CCTV surveillance systems have made enormous technical advancement in the previous decade, not just in terms of individual capabilities, but also in terms of their capacity to connect with other security equipment.
However, CCTV monitoring systems are now so prevalent that their novelty has worn off, diminishing their usefulness as a simple deterrent, particularly for unauthorized entry or violent crime.
CCTV Surveillance Systems’ Changing Applications
CCTV surveillance systems have grown into a forensic tool, collecting evidence after an event has occurred, as recording and storage technology and software such as video analytics have become more efficient.
However, as CCTV surveillance systems become more easily integrated with monitoring devices, alarm systems, and access control devices, a third application of CCTV is gaining traction: assisting security personnel in detecting and interrupting security breaches as they occur, or even before they occur.
Intelligent video algorithms, such as advanced motion detection, may detect strange walking patterns and warn a guard to keep an eye on a specific video screen.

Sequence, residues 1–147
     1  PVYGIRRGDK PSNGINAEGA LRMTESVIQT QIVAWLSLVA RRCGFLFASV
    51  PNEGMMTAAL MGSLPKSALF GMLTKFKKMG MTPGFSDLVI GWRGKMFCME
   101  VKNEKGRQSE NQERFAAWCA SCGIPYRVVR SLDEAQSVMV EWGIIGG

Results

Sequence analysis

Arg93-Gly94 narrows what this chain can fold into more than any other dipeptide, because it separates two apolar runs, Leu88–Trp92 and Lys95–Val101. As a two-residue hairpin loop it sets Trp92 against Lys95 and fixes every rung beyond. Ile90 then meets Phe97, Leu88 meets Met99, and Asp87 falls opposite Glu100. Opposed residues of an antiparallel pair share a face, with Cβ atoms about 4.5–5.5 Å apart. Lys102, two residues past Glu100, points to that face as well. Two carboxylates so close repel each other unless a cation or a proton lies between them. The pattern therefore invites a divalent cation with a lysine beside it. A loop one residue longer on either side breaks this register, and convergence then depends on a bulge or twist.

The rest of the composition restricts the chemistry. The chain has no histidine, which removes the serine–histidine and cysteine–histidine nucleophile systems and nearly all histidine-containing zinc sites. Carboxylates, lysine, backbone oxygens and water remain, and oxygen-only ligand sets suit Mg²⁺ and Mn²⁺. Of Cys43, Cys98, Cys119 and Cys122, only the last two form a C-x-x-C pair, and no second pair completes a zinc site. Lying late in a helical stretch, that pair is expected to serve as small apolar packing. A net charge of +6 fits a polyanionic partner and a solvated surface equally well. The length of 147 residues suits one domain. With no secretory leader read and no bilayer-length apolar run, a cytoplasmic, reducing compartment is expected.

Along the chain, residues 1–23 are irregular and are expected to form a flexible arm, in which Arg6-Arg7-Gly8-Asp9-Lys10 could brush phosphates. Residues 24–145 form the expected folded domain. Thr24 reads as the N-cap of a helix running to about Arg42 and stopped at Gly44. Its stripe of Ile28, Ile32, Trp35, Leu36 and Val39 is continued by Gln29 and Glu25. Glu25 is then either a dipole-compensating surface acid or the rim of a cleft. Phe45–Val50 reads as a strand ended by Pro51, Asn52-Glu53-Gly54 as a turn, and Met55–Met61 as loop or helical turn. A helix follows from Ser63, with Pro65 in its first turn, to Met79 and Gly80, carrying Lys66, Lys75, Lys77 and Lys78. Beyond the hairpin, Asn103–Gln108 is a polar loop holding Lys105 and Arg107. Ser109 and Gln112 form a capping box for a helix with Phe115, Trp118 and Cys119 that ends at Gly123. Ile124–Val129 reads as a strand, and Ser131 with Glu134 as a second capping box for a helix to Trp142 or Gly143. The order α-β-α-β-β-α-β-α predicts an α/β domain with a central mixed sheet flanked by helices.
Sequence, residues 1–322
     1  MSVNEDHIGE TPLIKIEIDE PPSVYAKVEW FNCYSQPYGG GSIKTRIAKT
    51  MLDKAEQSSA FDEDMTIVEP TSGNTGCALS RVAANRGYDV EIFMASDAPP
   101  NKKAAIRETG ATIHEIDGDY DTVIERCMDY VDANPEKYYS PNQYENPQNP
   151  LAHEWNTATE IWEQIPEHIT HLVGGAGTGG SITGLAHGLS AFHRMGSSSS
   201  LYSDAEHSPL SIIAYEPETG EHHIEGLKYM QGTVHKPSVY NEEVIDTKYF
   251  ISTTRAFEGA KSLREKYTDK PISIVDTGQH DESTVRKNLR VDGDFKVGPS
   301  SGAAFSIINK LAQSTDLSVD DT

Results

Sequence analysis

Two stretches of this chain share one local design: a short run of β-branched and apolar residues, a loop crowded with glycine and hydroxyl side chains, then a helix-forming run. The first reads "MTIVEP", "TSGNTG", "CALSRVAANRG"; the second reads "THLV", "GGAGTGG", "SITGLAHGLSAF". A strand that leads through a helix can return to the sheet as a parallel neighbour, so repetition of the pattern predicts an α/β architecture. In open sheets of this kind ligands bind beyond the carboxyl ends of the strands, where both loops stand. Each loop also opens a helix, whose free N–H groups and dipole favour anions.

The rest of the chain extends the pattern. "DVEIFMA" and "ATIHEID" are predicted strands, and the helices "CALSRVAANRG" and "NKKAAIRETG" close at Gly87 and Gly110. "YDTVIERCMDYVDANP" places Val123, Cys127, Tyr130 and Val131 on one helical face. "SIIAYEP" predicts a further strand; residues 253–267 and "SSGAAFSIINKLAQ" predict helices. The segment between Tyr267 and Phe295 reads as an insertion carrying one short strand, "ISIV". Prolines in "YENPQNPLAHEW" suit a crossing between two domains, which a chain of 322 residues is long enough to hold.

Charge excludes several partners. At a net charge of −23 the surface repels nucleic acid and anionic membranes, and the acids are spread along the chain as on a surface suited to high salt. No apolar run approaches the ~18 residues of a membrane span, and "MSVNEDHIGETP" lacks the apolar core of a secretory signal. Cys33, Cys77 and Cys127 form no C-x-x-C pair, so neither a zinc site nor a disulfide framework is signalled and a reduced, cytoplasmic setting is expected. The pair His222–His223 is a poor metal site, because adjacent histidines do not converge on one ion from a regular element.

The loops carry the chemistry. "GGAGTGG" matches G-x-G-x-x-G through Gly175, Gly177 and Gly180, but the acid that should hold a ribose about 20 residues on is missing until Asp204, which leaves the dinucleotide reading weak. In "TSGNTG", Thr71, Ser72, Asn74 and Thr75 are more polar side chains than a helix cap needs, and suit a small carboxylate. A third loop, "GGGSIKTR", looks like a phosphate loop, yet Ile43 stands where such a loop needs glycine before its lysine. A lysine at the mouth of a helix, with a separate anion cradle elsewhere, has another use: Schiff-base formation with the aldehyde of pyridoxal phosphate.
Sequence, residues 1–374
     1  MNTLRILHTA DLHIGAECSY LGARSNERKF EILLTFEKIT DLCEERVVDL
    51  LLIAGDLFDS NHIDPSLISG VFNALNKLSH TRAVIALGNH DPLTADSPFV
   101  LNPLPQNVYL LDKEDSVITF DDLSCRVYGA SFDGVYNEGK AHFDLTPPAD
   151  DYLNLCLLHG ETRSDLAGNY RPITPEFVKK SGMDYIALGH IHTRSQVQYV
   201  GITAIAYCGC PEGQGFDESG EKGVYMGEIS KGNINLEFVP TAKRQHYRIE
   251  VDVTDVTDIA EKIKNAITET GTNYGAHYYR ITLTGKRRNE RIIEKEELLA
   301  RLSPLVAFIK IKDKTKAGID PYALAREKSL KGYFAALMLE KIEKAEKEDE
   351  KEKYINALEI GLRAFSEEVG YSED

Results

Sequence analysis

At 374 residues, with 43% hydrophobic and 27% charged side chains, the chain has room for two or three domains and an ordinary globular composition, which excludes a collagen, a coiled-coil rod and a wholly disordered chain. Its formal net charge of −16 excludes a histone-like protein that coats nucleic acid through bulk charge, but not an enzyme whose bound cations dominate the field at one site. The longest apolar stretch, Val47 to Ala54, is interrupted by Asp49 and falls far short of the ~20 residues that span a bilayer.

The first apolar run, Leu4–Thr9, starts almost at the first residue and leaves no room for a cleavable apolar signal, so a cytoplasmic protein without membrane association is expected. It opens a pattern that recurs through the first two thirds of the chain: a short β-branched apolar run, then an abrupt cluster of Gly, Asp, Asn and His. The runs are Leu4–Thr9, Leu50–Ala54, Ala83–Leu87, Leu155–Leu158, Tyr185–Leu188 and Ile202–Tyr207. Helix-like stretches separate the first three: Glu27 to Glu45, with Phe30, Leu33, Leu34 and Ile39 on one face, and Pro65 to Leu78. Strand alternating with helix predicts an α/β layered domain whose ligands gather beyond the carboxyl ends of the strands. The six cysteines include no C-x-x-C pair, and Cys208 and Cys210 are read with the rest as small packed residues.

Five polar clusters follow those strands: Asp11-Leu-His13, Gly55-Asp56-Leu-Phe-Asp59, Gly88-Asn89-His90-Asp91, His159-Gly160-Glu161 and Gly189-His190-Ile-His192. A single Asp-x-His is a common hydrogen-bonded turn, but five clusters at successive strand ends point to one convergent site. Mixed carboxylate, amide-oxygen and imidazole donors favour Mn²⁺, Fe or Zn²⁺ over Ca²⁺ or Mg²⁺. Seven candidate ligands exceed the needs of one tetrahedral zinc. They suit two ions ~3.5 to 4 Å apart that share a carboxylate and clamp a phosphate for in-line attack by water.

Facial recognition is the most advanced intelligent video algorithm. Most experts concur, however, that the adoption of this technology as an efficient tool in the commercial sector is still some years away.
Traditionally, intelligent video algorithms are components of a computer system in a security room that receives footage from a network of CCTV cameras. However, manufacturers are working on cameras that will be able to process the intelligent video algorithm right inside the camera.
Another feature that is becoming more common on CCTV cameras is wide dynamic range. Cameras with a high dynamic range can discern details even when there is a lot of light and dark in the same picture. Traditional cameras are incapable of doing so.